¶ 61 This reflects the fact that collateral review is not a substitute for direct appeal. An error that justifies reversal on direct review will not necessarily justify reversal on collateral attack. In re Pers. Restraint of Hagler, 97 Wash.2d 818, 823–24, 650 P.2d 1103 (1982). This proposition is universally accepted both in Washington and in the federal courts. See id. at 824, 650 P.2d 1103 (“ ‘The reasons for narrowly limiting the grounds for collateral attack on final judgments are well known and basic to our adversary system of justice.’ “ (quoting United States v. Addonizio, 442 U.S. 178, 184, 99 S.Ct. 2235, 60 L.Ed.2d 805 (1979))); Brecht v. Abrahamson, 507 U.S. 619, 633, 113 S.Ct. 1710, 123 L.Ed.2d 353 (1993) (“The principle that collateral review is different from direct review resounds throughout our habeas jurisprudence.”). The reasons for this difference are equally well recognized: “Collateral relief undermines the principles of finality of litigation, degrades the prominence of the trial, and sometimes costs society the right to punish admitted offenders. These are significant costs and they require that collateral relief be limited in state as well as federal courts.” Hagler, 97 Wash.2d at 824, 650 P.2d 1103 (citing Engle v. Isaac, 456 U.S. 107, 102 S.Ct. 1558, 71 L.Ed.2d 783 (1982)).
¶ 62 We reaffirmed these necessary limits in St. Pierre. 118 Wash.2d at 328–29, 823 P.2d 492. There, we held that the “higher standard” on collateral review is met, in the absence of an actual showing of prejudice, only where, in light of the essential purpose of the constitutional right at issue, a violation of the right would necessarily prejudice the defendant. See id.; see also In re Pers. Restraint of Delgado, 160 Wash.App. 898, 910, 251 P.3d 899 (2011) (“Where the essential purpose of a constitutional protection can be satisfied in a collateral proceeding without a per se prejudice rule, such a rule should not be adopted.” (citing St. Pierre, 118 Wash.2d at 328–29, 823 P.2d 492)). Thus, where the petitioner has not made the required showing of prejudice, we must analyze the error at issue under this standard. In St. Pierre, the right at issue was a criminal defendant's right to be apprised with reasonable certainty of the charges against him. St. Pierre, 118 Wash.2d at 329, 823 P.2d 492. A violation of that right is presumed prejudicial on direct appeal, but St. Pierre held that it would not be on collateral review. The court reasoned that the essential purpose of this right is to provide notice, and a defendant's right to notice is not necessarily prejudiced by a defective charging document. On the other hand, St. Pierre cited several cases in which there would be a conclusive presumption of prejudice. See In re Pers. Restraint of Richardson, 100 Wash.2d 669, 679, 675 P.2d 209 (1983) (court's failure to inquire about a conflict of interest arising from joint representation gave rise to a conclusive presumption of prejudice); In re Pers. Restraint of Hews, 99 Wash.2d 80, 88–89, 660 P.2d 263 (1983) (invalid guilty plea automatically gave rise to a prima facie showing of prejudice). In these cases, the defendant was necessarily prejudiced by a constitutional violation in light of the essential purpose of the right at stake.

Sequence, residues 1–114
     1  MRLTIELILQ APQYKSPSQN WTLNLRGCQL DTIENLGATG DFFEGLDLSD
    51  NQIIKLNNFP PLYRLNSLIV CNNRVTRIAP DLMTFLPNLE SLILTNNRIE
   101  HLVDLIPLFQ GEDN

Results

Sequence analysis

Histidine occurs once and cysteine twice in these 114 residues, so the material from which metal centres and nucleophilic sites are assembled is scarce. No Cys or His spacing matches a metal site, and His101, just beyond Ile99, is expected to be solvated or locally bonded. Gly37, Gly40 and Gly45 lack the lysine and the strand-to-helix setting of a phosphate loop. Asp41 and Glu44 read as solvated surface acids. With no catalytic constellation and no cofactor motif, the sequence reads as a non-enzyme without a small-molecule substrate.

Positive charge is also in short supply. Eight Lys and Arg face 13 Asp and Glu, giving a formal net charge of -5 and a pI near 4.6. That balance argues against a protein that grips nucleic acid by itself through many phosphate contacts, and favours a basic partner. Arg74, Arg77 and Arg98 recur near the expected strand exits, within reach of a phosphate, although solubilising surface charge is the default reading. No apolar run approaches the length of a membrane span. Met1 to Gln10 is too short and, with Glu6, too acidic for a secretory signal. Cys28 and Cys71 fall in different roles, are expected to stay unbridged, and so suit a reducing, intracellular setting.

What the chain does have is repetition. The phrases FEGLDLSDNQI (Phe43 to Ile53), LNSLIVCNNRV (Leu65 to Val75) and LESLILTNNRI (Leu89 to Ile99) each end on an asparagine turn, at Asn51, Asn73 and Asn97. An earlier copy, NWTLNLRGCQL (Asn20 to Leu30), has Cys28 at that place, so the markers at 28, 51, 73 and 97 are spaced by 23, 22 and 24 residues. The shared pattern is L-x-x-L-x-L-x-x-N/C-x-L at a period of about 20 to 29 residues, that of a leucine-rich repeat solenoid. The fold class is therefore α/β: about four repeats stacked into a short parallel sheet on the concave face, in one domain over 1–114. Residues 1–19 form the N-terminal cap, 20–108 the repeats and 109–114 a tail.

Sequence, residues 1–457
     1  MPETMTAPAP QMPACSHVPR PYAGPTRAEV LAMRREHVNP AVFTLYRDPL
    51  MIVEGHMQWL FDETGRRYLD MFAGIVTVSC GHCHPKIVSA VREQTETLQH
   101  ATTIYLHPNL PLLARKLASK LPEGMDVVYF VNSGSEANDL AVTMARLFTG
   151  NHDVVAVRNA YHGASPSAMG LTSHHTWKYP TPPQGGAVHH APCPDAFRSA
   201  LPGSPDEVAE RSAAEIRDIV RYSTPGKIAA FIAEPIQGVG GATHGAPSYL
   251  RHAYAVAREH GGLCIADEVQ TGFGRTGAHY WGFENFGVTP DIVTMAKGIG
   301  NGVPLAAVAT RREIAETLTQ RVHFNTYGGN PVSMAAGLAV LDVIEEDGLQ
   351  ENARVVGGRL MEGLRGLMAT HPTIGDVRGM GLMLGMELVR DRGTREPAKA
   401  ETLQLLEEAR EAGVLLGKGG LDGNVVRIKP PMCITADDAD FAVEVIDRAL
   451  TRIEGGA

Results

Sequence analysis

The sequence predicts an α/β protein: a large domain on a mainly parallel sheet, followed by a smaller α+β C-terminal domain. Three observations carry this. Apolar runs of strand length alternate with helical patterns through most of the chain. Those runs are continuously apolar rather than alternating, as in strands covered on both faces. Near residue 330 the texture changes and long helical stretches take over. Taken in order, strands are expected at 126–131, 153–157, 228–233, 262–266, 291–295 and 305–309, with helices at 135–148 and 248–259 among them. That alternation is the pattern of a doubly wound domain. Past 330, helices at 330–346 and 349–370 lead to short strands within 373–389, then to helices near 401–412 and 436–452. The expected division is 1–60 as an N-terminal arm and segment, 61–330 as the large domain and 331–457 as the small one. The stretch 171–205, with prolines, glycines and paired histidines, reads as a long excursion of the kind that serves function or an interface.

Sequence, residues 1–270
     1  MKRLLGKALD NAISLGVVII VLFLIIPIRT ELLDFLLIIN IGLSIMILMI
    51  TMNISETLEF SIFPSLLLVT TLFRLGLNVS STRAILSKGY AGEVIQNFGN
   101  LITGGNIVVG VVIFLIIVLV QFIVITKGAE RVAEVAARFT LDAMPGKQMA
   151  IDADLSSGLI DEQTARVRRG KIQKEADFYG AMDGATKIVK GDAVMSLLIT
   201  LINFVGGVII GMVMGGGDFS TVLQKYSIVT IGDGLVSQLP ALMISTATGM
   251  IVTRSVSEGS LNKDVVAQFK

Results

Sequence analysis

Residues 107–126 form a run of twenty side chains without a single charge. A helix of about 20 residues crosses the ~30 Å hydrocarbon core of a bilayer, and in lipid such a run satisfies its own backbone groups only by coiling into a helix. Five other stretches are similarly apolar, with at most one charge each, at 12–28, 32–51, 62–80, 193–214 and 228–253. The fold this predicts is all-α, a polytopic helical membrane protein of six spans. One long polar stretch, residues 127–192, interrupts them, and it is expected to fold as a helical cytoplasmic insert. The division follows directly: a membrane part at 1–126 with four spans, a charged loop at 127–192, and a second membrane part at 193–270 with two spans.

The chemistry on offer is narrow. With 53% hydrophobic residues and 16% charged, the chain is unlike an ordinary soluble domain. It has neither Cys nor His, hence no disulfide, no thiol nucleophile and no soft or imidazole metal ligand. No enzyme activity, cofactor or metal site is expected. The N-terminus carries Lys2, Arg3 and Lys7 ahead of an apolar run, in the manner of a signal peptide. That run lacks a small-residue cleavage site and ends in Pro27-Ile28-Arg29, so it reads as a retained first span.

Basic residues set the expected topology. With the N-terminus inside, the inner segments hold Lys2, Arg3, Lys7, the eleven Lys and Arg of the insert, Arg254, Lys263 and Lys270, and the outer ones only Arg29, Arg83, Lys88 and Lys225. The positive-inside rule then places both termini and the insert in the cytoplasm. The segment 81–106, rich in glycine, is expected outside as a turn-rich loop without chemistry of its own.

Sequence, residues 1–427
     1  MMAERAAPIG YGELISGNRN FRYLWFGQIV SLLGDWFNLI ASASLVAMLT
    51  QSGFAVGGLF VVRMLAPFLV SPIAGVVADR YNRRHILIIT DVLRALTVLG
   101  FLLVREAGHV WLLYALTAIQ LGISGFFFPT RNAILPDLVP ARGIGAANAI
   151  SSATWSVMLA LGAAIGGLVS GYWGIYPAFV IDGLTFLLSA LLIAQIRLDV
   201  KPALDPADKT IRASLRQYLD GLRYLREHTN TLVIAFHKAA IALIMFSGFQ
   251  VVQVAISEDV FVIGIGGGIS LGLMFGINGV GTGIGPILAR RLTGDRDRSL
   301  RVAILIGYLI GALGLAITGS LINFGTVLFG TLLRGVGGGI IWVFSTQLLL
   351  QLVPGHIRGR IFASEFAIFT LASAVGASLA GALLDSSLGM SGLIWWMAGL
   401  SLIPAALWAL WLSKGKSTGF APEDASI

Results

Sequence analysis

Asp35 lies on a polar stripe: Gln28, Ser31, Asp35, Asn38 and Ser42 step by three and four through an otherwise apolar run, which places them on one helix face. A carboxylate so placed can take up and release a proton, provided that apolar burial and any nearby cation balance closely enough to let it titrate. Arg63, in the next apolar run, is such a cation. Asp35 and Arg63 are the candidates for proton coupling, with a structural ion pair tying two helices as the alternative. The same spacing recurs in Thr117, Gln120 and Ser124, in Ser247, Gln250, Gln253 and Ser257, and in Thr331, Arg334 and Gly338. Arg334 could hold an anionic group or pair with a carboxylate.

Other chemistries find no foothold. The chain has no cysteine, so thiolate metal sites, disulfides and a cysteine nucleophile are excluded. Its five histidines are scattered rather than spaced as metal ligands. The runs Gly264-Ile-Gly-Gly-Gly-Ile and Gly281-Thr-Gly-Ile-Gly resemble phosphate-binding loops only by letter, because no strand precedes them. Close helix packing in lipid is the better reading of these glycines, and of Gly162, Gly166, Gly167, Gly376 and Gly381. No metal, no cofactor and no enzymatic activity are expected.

¶ 63 But the same is not true of in-chambers voir dire of 14 potential jurors. The purpose of the public trial right is to ensure a fair trial, to remind the officers of the court of the importance of their functions, to encourage witnesses to come forward, and to discourage perjury. State v. Brightman, 155 Wash.2d 506, 514, 122 P.3d 150 (2005) (citing Peterson v. Williams, 85 F.3d 39, 43 (2d Cir.1996) (citing Waller v. Georgia, 467 U.S. 39, 46–47, 104 S.Ct. 2210, 81 L.Ed.2d 31 (1984))). None of these goals is necessarily jeopardized when counsel questions a handful of potential jurors in chambers in an attempt to encourage them to be more forthcoming about sensitive topics. This is particularly true where, as here, the defendant appeared to approve of the tactic and wanted to benefit from increased candor—Morris waived his right to be present during the questioning because he thought jurors would be more forthcoming in his absence. The defendant certainly may be prejudiced by in-chambers voir dire, but such prejudice is not “conclusive,” nor should it be presumed. To conclude otherwise ignores the differences between direct and collateral review.
¶ 64 Like every other personal restraint petitioner, Morris is required to make a threshold showing of actual and substantial prejudice. Since he has not done so, we should deny relief.
II. This case is factually different from Orange and the result in that case does not require a new trial here
¶ 65 By extending Orange beyond its facts, the lead opinion equates direct and collateral review for any petitioner claiming a public trial violation as long as they remember to say “ineffective assistance of appellate counsel.” This is not only overly simplistic, it is wrong under the law and virtually guarantees a flood of public trial PRPs.